My discovery is that there is a strong correlation between a particular microstructural characteristic and resistance to corrosion in boiling water reactor environments. In particular, I have found that corrosion resistance at least equal to that obtained through the use of the method disclosed and claimed in referenced patent application Ser. No. 552,794, abandoned can consistently be produced in zirconium-base alloys by a process including a high temperature solution treatment and rapid quench followed by a heat-aging step which results in precipitation of a second phase in the form of particles ranging from about 100 to 400 Angstroms in size. These particles of intermetallic material [Zr(Cr,Fe)2 in Zircaloy-4 and both Zr(Cr,Fe)2 and Zr2 (Ni,Fe) in Zircaloy-2] are segregated in two-dimensional arrays along grain- and sub-grain boundaries instead of being in the usual condition of generally uniform distribution and isolated and separated from each other.
Our concept is to use this discovery to greatly increase the service life of a zirconium-base alloy body by preparing it to intermediate or to substantially finished form as a boiling water reactor channel, or as a tube for nuclear fuel cladding, or as a fuel rod spacer for use in a reactor channel, and heating it to transform substantially completely from alpha (hexagonal close packed) to beta (body centered cubic) phase, quenching it to produce a very fine Widmanstattan or martensitic structure without intermetallic particles as the iron, chromium and nickel are maintained in solution, and finally annealing it at a relatively low temperature to cause precipitation of intermetallic particles along the grain boundaries and sub-grain boundaries.
In principle, it is possible to perform the initial solution annealing treatment at a temperature where the alpha phase transforms only partly to the beta phase (i.e., a treatment in the alpha+beta phase field), since such treatments result in dissolution of the intermetallic precipitates. However, it is our experience that the usual rapid quenching procedures (such as a water quench) are not fast enough to retain the iron, chromium and nickel in solution following these lower temperature anneals. In these cases, the precipitates tend to form during the quench (as in copending application Ser. No. 552,794, abandoned) rather than during the subsequent thermal aging.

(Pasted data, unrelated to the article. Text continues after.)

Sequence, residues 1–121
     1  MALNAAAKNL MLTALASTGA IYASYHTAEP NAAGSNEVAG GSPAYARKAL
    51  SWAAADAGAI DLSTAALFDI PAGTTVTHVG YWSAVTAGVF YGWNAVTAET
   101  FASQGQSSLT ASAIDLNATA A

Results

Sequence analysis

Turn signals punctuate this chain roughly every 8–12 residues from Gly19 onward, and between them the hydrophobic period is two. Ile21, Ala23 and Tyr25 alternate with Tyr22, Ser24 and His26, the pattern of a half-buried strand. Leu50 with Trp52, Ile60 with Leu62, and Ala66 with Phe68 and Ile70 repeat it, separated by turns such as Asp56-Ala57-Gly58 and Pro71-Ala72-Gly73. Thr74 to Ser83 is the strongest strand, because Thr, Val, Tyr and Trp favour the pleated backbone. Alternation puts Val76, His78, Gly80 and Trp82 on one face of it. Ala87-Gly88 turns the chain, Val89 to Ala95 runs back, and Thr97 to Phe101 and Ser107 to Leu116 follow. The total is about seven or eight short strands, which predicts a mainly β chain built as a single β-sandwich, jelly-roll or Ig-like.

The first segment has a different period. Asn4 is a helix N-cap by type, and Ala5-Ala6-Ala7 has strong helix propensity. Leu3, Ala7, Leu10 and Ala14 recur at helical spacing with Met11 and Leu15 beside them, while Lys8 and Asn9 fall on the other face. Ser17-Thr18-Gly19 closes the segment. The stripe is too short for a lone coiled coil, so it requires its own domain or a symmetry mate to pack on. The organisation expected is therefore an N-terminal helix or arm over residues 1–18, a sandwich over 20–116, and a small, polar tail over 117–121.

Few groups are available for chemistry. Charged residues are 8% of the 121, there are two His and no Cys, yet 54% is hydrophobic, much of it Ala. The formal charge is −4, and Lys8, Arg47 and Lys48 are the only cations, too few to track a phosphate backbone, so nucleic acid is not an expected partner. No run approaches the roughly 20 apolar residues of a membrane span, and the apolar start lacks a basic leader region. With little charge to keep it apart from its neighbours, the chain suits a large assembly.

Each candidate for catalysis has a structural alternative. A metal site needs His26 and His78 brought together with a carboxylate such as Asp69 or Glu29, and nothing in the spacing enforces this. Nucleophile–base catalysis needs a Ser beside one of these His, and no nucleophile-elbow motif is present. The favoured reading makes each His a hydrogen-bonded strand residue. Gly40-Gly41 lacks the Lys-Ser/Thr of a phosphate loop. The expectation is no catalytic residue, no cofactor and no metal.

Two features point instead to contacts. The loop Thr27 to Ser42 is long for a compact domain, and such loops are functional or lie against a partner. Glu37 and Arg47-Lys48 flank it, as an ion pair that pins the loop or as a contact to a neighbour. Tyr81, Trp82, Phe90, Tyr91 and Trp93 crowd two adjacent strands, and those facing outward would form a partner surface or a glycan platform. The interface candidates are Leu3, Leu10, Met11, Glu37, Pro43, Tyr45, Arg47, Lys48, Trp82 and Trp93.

The zirconium-base alloy body treated in this manner in addition to having significantly enhanced resistance to corrosion has desirable mechanical characteristics attributable to the fine microstructure resulting from the quenching operation followed by the heat-aging step.
It is important in carrying out this invention to avoid processing operations subsequent to the foregoing heating and quenching steps such as hot and cold rolling and annealing which will result in elimination of the two dimensional arrays of precipitate particles throughout the alloy body. Rehomogenizing of those particles in any manner can lead to loss of the desired corrosion-resistance characteristic.
This new concept of mine also differs importantly from the prior art notion of subjecting Zircaloy channels and tubes for use in boiling water reactors to heat treatment in the beta temperature range at an early stage of their fabrication so as to eliminate any undesirable dendritic or other segregate phase. Although quenching may have followed such heat treatment, any beneficial effects in the direction of the present invention were quickly lost in subsequent hot and cold working an annealing operations which were a necessary part of the fabrication schedule and different from the forming, straightening, grit blasting, pickling and stress--relief annealing steps comprising the finishing (as distinguished from the fabrication) operations, which do not eliminate or diminish the foregoing beneficial effects.